"We have an epidemic. And nobody is doing anything about it."

Gun injuries are a growing problem for Florida’s children, rising along with the increasing availability of firearms across the state, the Tampa Bay Times has found.To determine how many kids are shot each year — accidentally, intentionally...

"We have an epidemic. And nobody is doing anything about it."

Gun injuries are a growing problem for Florida’s children, rising along with the increasing availability of firearms across the state, the Tampa Bay Times has found.

To determine how many kids are shot each year — accidentally, intentionally or during the commission of a crime — the Times looked at millions of hospital discharge records for patients across Florida, as well as data collected by the state’s 24 medical examiners.

The analysis found that, between 2010 and 2015, nearly 3,200 kids 17 and younger were killed or injured by firearms. Put another way, a child in Florida was shot, on average, every 17 hours.

From 2010 through 2015, the number of kids killed in gun-related incidents rose nearly 20 percent. Injuries from guns jumped 26 percent from 2014 to 2015 alone.

“That’s a very rapid increase,” said Dr. Garen J. Wintemute, who runs the Violence Prevention Research Program at the University of California Davis School of Medicine.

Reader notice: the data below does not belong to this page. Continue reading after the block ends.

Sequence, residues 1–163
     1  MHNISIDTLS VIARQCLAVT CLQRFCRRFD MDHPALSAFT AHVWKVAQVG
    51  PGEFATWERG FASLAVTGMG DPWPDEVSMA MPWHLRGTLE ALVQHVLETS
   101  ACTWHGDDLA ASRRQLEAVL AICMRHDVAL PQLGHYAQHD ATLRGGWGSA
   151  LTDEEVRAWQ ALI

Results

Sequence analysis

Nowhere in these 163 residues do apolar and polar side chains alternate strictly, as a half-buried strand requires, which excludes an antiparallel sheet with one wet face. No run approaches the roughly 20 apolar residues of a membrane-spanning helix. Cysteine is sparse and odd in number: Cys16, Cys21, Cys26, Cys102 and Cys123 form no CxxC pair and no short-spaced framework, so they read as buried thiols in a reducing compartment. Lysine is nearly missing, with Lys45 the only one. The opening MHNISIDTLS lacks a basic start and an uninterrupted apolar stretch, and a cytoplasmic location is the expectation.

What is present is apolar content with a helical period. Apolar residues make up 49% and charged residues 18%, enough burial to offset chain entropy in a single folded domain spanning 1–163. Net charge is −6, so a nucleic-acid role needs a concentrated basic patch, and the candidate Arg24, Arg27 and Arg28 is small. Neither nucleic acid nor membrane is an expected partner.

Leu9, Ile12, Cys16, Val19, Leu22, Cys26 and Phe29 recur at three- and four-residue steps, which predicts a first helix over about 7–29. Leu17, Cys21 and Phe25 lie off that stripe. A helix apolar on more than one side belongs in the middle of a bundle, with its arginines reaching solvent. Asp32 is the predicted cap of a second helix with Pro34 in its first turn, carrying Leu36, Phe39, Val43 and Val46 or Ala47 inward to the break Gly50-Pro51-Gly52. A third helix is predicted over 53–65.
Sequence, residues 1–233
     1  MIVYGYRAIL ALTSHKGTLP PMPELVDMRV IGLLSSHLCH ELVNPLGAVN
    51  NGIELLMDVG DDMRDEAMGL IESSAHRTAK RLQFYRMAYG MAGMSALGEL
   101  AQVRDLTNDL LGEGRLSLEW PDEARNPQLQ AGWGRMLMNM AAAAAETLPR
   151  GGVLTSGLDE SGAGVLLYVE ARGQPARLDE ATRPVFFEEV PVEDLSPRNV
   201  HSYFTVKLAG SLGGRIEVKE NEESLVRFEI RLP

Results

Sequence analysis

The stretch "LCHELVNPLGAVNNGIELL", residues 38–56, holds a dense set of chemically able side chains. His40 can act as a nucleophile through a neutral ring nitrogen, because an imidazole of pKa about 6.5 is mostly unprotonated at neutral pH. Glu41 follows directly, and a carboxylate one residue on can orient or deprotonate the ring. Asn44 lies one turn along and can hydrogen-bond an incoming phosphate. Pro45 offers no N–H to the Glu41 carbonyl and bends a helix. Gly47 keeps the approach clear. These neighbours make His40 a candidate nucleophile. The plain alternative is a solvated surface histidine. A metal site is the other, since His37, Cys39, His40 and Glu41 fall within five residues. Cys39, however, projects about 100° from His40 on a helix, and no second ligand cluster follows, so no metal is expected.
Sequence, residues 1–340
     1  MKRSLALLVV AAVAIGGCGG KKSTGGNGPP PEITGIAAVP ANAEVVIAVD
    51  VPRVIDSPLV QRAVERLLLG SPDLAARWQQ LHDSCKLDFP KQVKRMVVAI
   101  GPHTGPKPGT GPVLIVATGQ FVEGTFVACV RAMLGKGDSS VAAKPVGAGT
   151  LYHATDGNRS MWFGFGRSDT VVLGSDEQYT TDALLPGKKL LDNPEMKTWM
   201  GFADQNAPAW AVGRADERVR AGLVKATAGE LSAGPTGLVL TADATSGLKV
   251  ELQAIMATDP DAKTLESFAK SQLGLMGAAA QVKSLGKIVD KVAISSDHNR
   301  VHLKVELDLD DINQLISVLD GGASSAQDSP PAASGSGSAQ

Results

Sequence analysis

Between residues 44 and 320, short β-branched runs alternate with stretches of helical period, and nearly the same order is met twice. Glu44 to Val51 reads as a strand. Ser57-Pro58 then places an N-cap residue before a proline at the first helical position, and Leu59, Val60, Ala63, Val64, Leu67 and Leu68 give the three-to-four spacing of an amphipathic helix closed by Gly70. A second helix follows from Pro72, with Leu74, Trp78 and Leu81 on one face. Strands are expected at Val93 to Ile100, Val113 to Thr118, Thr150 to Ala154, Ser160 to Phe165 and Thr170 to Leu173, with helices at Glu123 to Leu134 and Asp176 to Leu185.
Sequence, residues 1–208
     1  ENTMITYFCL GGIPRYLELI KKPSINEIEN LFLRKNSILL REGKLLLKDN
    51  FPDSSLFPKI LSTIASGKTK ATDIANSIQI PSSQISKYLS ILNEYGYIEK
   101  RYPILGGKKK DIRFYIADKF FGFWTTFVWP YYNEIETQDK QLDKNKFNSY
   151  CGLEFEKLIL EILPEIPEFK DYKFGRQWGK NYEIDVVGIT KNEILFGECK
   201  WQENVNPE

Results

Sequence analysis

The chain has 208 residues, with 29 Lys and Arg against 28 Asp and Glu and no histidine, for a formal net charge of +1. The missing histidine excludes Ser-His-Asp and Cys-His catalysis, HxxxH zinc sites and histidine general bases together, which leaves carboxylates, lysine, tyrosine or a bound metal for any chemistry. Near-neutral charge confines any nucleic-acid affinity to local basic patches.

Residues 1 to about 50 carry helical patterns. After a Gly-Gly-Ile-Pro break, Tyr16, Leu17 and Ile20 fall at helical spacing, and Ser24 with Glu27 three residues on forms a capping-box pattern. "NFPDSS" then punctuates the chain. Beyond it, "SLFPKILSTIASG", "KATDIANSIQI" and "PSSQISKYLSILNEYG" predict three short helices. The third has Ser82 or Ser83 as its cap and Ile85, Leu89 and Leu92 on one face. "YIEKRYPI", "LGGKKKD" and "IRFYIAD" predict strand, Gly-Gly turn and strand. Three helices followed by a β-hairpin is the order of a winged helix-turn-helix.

Firearms killed 475 kids during that six-year span — slightly less than cancer, but more than cardiovascular, infectious or respiratory Wonodds diseases.

Meanwhile, hospitals statewide billed more than $100 million for pediatric gun injuries. More than $75 million of that was billed to a publicly subsidized insurance provider such as Medicaid or Florida KidCare.

“This is a major problem for our children,” said Dr. Judy Schaechter, chair of the pediatrics department at the University of Miami Health System. “I call it America’s most preventable disease.”

Yet ask state law enforcement officials how many kids are shot each year, and they don’t know. The Florida Department of Health has a statewide campaign to reduce drownings, but nothing aimed at reducing the number of child gun incidents, which kill roughly as many children 17 and under.

“We have an epidemic,” said Dr. Leopoldo Malvezzi, trauma director at Nicklaus Children’s Hospital in Miami. “And nobody is doing anything about it.”

Read the three-part series.

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